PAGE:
Jerusalem Waqf Calls for Protest Over Allowing Jews on Temple Mount on Muslim Holiday

Israeli police deliberating whether Jewish worshipers can enter the holy site on Tisha B'Av, which coincides Sunday with Eid al-Adha

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Muslim worshiper pray on Temple Mount during the month of Ramadan, Jerusalem, May 2019.
Muslim worshiper pray on Temple Mount during the month of Ramadan, Jerusalem, May 2019. Credit: Mahmoud Illean / AP

The Islamic custodian of the Temple Mount has called on Muslim worshipers to attend a mass service at the Jerusalem complex on Eid al-Adha on Sunday, in protest of a possible police decision to allow Jews commemorating Tisha B'Av access to the holy site on the same day.

The Jerusalem Waqf also announced on Friday that all mosques in the city would be closed on Sunday, excluding the Al-Aqsa Mosque.

The Eid al-Adha prayers will be held early Sunday, while Jews will mark the day of fasting and mourning commemorating the destruction of both temples and the exile of the Jewish people.

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Over the weekend the police is expected to hold a situation assessment, after which conditions will be set for allowing Jewish worshipers to enter the Temple Mount complex.

Jewish activists have resented the fact that police have yet to announce their decision on allowing Jews to visit the compound, which is regularly closed to Jews and tourists during Muslim holidays. This year, the activists hope they would be allowed to enter Temple Mount since Eid al-Adha overlaps with Tisha B'Av.

In a letter sent by attorney Aviad Visouly to Police Jerusalem District commander Doron Yedid on behalf of the Center of the Land of Israel, he wrote that "No one disagrees that the decision to restrict Jews from entering Temple Mount, the holiest place on Earth for every Jew, is one that severely harms the Jewish public, let alone on Tisha B'Av.

"The Supreme Court ruled many times that according to the principle of natural justice, those who are harmed by administrative decisions should be given the right to present their claims before a decision is made," Visouly wrote. The police said a final decision on the matter would be released on Sunday morning.

Social media posts called on Muslim worshipers to demonstrate presence at the complex on Sunday, while some posts called to postpone the prayers to a later hour in order to get as many worshipers into the compound as possible. The Waqf Council called on imams to convey the message to Friday's worshipers across Jerusalem and its surroundings and explained that the decision to shut down all the mosques in Jerusalem is an appropriate response to Israel's attempt to downgrade their status.

Tens of thousands of worshipers throughout Israel filled the mosques with prayers on Friday. However, religious officials said that Friday's compliance was unusual and topics related to avoid violence in the Arab community topped the agenda.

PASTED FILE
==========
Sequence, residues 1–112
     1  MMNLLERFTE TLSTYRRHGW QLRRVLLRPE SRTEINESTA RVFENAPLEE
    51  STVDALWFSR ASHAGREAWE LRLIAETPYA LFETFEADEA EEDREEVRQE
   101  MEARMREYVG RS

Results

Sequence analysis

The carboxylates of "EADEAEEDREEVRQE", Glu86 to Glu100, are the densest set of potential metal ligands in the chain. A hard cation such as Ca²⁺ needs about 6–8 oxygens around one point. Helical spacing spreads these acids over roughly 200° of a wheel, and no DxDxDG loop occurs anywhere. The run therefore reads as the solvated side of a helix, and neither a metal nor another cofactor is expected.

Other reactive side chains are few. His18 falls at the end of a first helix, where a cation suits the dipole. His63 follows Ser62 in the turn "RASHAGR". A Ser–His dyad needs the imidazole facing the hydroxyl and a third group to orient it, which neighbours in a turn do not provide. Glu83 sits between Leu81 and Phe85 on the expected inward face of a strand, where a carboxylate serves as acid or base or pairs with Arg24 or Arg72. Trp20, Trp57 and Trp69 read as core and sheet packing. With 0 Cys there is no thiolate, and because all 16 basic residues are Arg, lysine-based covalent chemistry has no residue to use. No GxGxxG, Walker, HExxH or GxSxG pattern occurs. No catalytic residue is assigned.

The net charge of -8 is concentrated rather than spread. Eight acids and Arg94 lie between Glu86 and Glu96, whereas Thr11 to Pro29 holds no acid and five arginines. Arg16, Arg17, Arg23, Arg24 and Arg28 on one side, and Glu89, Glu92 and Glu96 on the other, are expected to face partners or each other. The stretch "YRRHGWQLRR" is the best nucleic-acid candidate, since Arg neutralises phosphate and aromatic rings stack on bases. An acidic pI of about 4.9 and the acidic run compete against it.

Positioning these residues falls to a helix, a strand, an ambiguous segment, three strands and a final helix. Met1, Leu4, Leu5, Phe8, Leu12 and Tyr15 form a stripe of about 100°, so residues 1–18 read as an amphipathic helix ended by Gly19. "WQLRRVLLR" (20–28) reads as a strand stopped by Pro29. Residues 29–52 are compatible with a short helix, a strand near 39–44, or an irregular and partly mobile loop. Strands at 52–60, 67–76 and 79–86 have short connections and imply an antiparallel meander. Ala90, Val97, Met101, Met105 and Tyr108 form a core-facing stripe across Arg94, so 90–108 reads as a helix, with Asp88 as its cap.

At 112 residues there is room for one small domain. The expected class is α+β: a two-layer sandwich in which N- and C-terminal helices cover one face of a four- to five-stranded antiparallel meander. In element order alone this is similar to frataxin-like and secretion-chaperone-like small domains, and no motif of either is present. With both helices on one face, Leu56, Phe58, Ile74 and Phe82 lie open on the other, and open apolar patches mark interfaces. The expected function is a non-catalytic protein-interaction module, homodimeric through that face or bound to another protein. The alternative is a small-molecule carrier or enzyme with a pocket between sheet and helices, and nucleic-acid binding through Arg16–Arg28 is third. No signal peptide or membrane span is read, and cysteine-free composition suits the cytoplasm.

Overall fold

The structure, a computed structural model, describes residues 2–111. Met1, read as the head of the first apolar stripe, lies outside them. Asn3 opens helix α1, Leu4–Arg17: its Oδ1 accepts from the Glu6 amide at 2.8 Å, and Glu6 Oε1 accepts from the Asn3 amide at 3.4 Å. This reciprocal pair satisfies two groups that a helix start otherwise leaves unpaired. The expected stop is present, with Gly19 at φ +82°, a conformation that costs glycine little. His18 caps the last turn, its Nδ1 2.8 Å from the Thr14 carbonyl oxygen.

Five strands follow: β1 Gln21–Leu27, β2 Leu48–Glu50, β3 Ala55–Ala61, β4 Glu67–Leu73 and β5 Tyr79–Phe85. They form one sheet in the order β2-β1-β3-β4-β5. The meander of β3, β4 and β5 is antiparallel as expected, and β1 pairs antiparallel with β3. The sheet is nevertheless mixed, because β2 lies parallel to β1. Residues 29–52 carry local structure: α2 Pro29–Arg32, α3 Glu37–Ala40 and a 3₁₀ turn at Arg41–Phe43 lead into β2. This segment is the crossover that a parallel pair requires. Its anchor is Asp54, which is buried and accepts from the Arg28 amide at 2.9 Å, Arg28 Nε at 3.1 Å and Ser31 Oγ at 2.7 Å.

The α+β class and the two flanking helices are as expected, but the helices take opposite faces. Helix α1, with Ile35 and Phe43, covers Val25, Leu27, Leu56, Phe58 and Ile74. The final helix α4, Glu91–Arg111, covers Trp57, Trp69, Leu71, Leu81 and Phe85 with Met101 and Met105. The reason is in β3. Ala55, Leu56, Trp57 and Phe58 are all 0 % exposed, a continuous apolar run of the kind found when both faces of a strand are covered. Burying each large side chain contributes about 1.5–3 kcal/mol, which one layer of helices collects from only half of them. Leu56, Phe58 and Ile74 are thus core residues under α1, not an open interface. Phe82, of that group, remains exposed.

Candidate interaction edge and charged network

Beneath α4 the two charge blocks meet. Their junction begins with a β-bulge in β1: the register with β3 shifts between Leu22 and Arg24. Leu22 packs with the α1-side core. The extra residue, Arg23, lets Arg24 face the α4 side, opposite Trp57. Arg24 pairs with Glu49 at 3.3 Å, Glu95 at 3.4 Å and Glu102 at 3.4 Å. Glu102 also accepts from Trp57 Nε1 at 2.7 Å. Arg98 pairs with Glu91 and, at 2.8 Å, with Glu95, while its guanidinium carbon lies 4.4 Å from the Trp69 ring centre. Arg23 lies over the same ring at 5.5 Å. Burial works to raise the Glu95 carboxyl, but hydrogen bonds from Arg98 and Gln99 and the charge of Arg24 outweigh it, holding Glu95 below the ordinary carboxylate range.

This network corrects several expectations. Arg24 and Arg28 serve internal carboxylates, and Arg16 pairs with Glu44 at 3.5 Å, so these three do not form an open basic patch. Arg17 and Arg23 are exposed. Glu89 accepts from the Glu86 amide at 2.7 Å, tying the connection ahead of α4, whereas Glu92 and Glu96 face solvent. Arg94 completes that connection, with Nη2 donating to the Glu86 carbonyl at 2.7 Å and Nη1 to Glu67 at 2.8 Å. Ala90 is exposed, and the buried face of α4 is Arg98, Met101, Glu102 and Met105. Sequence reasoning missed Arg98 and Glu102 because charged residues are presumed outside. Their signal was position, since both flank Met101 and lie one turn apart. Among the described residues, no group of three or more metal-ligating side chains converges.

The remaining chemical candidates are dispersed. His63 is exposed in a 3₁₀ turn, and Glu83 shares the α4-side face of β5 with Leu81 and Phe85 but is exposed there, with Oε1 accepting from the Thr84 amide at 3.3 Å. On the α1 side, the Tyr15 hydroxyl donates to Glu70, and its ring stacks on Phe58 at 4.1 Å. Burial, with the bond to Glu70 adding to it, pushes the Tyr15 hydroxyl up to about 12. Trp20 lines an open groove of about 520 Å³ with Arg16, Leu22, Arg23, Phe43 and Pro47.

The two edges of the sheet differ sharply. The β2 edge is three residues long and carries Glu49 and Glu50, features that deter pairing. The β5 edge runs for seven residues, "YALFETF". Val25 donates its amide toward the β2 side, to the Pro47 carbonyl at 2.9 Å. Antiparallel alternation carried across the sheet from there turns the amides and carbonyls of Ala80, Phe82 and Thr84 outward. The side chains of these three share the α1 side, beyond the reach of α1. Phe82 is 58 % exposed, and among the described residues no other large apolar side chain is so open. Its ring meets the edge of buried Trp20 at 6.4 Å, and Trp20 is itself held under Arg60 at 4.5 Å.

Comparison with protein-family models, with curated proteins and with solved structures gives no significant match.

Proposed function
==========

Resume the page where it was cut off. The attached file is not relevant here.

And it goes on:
Sheikh Mohammad al-Quran, the imam of Kuseife mosque, said that it is a particularly holy Friday given its proximity to one of the main holidays in Islam. People come to pray in droves and to listen to the sermon that speaks of giving alms to the needy, he said. A large part of the prayers deal with the phenomenon of violence in the Arab community, he added.

Despite the tensions following Thursday's fatal stabbing of Israeli soldier Dvir Sorek near the settlement bloc of Gush Etzion, the content of the service brings a message of peace and fraternity. According to al-Quran, "Gathering in a religious space is not meant to cause escalation, much the opposite, we stress that we all must live in peace," he said.

Ahmad Abdullah, the imam at the mosque in Ein Naqquba said that Friday's prayers are mainly spiritual preparation for the upcoming fast on Saturday. "The topics brought up in the mosque are at the discretion of the imam. People feel a need to arrive before special events, and tomorrow there will be a fast."

Sheikh Amar Walid, imam at the mosque in Kfar Qassem said that the aim of the Eid al-Adha holiday is to bring unity between peoples and to deter violence. He stressed that the notion of violence in the Arab community is at the top of the agenda every Friday during prayers. In reference to Thursday's stabbing, he said that "We are tired of the conflict, we need to end it already, the idea behind slaughtering an animal for the Feast of the Sacrifice is that it is upon us to avoid bloodshed among people."

Similar tensions erupted at the beginning of June, when Jews marked Jerusalem Day that fell on the last three days of Ramadan. The police have closed the Mount — the holiest site in Judaism and the third holiest in Islam — to Jews every year for the last 10 days of Ramadan, but this time Jews were allowed Jews access to the compound.

Police said hundreds of Palestinians were protesting as a result, hurling stones and chairs at security forces, which responded with riot-dispersal measures, including rubber-tipped bullets.

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